The post Welcome Valerie Vande Panne, the new Detroit Metro Times editor appeared first on Metro Times Blogs.

  • Joumana Kayrouz to cover ‘Metro Times’

    She welcomes you when you enter Detroit, from every direction, with the one word that might just be Detroit’s biggest philosophical question: Injured? Joumana Kayrouz is deeper than the inflated image watching over Detroit, peddling justice to the poor and broken of the city. This Wednesday, Drew Philp takes us behind the billboard and into the heart of the Kayrouz quest. (And all of Brian Rozman’s photos of Kayrouz have not been retouched.) Check out MT‘s cover story, on newsstands Wednesday!

    The post Joumana Kayrouz to cover ‘Metro Times’ appeared first on Metro Times Blogs.

  • Fire at PJ’s Lager House, no people hurt

    There was a fire in an upstairs apartment at PJ’s Lager House on Monday evening. No people were hurt, although three cats belonging to the tenants died after CPR. The fire broke out around 10:30 p.m. during a show featuring Zombie Jesus & the Chocolate Sunshine Band, Curtin, and Jeffrey Jablonsky. “We just smelled smoke and someone yelled everyone has to get out,” 33-year-old Nick Leu told MLive. On the Lager House Facebook page in the early hours of the morning, a post said, “We at PJ’s lager House would like to thank everyone for their care and concern. Also, a very big THANK YOU to all who stepped up to do what they could this evening. The fire was contained to the upstairs but due to water damage in the bar, we will be closed until it can be assessed. Everyone is safe and we will keep you updated.” A later update read, “Update from the big boss. Since there was no damage to the stage side of the bar, the show will go on tomorrow! You may have to enter through the back door and there may not be a large selection of booze but we are going […]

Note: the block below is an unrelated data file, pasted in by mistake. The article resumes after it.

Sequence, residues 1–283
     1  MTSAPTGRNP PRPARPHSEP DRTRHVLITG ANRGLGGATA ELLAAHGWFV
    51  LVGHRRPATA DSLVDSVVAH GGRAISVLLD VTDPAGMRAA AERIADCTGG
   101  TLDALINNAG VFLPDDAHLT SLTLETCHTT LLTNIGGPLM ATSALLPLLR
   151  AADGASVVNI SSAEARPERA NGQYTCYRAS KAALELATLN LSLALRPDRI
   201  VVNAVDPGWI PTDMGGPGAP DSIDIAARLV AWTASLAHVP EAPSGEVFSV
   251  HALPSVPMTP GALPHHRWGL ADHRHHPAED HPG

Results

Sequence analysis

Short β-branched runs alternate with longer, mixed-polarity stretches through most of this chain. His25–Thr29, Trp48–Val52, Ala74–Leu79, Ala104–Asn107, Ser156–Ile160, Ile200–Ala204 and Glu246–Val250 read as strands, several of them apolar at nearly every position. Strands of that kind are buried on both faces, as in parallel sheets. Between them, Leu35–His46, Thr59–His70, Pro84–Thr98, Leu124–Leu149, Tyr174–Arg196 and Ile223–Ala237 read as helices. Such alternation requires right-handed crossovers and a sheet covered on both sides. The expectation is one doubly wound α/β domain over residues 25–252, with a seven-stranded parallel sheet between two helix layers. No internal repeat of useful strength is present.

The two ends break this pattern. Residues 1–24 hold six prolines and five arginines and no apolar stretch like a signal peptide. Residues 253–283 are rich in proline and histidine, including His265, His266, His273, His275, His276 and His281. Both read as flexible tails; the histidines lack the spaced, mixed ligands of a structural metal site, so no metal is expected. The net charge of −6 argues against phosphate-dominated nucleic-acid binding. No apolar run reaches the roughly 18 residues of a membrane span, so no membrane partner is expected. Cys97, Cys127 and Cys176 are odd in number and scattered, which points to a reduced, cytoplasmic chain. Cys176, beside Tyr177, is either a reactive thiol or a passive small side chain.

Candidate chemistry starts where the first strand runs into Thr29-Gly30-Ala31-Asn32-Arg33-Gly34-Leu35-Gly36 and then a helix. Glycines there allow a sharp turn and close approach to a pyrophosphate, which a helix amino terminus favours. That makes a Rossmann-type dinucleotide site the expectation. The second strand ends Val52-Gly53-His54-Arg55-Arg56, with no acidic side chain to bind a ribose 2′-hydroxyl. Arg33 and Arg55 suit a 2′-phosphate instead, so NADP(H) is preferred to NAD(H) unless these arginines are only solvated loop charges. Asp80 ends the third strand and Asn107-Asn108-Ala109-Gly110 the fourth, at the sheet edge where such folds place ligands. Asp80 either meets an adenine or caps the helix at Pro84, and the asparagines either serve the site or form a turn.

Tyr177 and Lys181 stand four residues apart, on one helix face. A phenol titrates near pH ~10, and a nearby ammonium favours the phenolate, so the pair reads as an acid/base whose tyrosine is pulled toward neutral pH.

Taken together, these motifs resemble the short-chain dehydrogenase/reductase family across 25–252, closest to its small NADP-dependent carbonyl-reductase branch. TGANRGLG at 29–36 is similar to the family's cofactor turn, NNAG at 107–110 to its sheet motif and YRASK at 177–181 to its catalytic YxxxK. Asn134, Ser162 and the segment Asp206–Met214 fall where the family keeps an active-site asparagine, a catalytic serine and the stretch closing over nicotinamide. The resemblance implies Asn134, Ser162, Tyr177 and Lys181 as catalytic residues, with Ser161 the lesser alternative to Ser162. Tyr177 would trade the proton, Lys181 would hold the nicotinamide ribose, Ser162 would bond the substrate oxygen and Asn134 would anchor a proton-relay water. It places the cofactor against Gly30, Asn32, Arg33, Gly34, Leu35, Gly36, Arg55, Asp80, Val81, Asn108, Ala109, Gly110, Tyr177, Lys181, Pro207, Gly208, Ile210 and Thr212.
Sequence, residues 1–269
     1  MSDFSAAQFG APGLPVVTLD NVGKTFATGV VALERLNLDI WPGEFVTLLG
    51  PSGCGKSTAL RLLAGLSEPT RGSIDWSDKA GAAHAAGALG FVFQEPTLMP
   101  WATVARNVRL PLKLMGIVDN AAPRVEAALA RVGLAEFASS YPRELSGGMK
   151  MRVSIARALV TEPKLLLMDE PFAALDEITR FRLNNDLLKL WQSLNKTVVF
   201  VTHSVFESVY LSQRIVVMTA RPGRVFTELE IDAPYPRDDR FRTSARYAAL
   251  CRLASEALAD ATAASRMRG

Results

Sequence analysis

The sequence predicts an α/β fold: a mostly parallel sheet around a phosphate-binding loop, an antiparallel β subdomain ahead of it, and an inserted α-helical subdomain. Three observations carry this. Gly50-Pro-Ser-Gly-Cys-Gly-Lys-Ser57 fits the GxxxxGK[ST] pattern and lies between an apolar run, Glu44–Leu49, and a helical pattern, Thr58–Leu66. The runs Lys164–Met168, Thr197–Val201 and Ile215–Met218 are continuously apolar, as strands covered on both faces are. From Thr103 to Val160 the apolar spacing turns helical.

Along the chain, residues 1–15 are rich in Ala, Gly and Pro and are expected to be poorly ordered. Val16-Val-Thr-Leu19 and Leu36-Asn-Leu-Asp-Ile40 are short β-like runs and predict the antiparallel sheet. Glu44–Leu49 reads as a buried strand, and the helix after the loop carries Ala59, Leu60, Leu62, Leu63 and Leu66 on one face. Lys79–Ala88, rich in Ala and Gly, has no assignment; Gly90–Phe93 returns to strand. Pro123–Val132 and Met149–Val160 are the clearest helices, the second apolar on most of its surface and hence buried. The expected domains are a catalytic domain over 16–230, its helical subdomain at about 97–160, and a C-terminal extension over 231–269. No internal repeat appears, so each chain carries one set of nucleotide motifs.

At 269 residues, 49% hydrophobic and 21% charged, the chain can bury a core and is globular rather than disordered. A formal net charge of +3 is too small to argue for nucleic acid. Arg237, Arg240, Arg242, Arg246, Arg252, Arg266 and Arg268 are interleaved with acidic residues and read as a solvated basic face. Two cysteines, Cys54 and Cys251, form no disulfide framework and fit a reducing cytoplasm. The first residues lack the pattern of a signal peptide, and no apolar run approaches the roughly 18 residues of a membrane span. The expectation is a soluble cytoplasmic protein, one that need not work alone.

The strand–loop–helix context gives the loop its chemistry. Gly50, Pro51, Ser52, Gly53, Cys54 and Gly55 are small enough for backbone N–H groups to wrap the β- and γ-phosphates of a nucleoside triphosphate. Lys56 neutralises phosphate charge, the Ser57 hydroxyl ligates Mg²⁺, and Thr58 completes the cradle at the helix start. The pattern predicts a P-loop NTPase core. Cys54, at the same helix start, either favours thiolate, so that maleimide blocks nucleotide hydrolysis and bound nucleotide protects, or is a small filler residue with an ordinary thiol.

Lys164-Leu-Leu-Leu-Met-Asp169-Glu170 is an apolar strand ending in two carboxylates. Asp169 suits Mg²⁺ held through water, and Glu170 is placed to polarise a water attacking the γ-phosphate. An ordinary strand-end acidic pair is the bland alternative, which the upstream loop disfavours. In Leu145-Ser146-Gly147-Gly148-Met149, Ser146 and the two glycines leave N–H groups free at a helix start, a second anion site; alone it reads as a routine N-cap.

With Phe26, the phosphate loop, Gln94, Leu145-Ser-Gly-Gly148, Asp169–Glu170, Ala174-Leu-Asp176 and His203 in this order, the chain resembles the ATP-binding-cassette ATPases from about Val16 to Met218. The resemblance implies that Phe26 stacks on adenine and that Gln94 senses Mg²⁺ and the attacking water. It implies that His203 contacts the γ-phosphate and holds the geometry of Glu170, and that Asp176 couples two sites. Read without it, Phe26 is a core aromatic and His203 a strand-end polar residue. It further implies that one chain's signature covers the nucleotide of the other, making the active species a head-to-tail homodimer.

The post Fire at PJ’s Lager House, no people hurt appeared first on Metro Times Blogs.



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Stir It Up

Sounds of disharmony

The Detroit Symphony Orchestra strike's long-term effects

There is one effect the four-month-old Detroit Symphony Orchestra strike has had. Folks are hearing our good musicians elsewhere. For instance, bassist Alex Hanna has worked with the Philadelphia Symphony Orchestra and the East Coast Chamber orchestra, and he's got work lined up with the Cleveland Symphony Orchestra.